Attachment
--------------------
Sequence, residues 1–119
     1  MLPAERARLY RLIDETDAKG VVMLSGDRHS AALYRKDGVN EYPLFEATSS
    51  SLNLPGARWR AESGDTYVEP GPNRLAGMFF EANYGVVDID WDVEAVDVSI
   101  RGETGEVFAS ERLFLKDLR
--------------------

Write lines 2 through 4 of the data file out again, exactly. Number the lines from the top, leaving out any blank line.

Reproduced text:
     1  MLPAERARLY RLIDETDAKG VVMLSGDRHS AALYRKDGVN EYPLFEATSS
    51  SLNLPGARWR AESGDTYVEP GPNRLAGMFF EANYGVVDID WDVEAVDVSI
   101  RGETGEVFAS ERLFLKDLR